I realise this might be impossible, but thought it might be worth asking anyway. In vim, the typical way I map keys to functions is using *noremap commands. However the downside of this is the fact that the mapping is not a call to the function. Instead, it automatically literally types out the characters needed to invoke said function; getting a command prompt with :, typing call and the function name, hitting return, etc. Is there a way I can bind a key to a function directly without this intermediary step, much like how hjkl immediately invoke internal functions that actually do the work of changing the cursor position? Or is this kind of functionality not exposed to the user by vim?

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Essentially, the answer is no, :call is the mechanism for invoking functions starting from normal mode, but there are at least two mechanisms I can think of that you could theoretically use if you needed to call a function from a normal-mode mapping but the colon key had been stolen from your keyboard:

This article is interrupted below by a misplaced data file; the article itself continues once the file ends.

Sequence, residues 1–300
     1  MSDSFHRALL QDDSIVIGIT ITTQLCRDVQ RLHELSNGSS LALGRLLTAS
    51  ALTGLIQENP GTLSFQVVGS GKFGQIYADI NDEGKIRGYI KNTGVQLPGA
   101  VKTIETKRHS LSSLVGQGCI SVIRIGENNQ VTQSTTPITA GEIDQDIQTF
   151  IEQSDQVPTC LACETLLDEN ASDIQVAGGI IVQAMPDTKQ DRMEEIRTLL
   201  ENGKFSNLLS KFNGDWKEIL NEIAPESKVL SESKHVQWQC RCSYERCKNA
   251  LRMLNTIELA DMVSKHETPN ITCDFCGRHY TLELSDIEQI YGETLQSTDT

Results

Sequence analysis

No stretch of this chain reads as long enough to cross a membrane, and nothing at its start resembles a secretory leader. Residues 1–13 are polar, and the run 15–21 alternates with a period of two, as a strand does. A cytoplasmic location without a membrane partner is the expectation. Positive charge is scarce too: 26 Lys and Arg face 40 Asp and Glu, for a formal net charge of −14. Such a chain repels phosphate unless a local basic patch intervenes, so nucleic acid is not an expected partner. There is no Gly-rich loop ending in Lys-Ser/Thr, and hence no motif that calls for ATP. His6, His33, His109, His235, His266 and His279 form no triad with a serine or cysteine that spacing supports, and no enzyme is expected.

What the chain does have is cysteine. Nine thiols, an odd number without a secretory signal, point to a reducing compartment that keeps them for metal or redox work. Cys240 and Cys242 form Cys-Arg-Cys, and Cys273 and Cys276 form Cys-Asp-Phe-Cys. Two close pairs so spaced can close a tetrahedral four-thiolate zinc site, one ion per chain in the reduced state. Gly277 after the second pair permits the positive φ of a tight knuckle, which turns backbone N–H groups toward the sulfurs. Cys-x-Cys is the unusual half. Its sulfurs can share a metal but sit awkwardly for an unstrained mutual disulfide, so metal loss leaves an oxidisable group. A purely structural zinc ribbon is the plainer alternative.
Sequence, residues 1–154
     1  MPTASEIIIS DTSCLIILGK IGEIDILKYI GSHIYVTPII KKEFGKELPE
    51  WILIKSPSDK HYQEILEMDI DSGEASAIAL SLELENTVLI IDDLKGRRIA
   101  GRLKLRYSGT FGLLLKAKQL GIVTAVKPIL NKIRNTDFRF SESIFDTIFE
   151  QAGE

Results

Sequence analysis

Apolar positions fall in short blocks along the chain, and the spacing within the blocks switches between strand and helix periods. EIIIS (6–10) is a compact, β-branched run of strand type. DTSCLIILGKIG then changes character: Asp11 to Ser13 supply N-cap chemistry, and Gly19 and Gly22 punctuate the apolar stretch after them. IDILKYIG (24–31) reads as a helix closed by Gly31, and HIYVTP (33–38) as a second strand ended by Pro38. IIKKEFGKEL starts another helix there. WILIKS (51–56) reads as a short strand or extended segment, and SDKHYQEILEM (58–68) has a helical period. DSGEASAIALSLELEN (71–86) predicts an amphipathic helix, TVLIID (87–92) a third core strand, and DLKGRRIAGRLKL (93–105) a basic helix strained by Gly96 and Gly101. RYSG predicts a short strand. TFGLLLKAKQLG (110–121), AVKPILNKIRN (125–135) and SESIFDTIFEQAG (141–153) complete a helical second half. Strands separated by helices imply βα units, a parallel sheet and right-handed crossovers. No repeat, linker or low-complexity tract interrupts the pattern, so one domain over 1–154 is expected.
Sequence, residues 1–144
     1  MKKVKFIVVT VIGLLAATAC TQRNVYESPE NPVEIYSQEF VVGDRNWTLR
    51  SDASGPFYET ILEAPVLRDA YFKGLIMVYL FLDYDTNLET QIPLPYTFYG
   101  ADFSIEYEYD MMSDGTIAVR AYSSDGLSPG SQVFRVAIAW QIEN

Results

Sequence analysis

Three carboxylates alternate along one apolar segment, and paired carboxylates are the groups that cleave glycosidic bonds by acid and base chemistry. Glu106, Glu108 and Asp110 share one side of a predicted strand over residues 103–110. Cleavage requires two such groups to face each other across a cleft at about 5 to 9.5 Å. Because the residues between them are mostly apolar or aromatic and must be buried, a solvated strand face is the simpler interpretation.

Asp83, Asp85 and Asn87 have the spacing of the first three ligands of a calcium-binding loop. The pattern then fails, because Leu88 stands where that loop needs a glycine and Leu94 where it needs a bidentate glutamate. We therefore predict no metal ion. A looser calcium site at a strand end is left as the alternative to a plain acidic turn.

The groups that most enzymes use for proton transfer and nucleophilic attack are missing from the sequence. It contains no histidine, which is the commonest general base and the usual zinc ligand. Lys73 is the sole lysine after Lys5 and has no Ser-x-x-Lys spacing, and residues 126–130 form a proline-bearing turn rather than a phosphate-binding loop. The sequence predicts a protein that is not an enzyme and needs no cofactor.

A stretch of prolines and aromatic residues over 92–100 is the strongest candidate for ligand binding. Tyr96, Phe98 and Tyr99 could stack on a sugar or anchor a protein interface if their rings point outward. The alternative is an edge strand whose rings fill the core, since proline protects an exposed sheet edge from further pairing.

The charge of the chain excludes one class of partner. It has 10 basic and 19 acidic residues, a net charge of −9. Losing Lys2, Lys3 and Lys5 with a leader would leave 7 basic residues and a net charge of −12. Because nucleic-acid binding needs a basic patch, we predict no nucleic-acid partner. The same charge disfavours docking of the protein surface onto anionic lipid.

Expression mappings

Expression mappings work by evaluating an expression and then mapping to the result. A function call is a valid expression, thus:

nnoremap <expr> <f2> Function()

However, there are several limitations to what you can actually do during that function: e.g. you can move the cursor but it will be moved back afterwards. See :help map-expr for the full set of limitations and other details.

The expression register

Vim has a register called the “expression register” which you can use to evaluate expressions in certain circumstances. This could be used to run a function from a normal mode mapping by e.g. entering insert mode first:

nnoremap <f2> i<C-R>=Function()<CR><Esc>

In case it’s not already clear, this would be an asinine thing to do, but the expression register is very useful in other contexts. See :help "= for more details.

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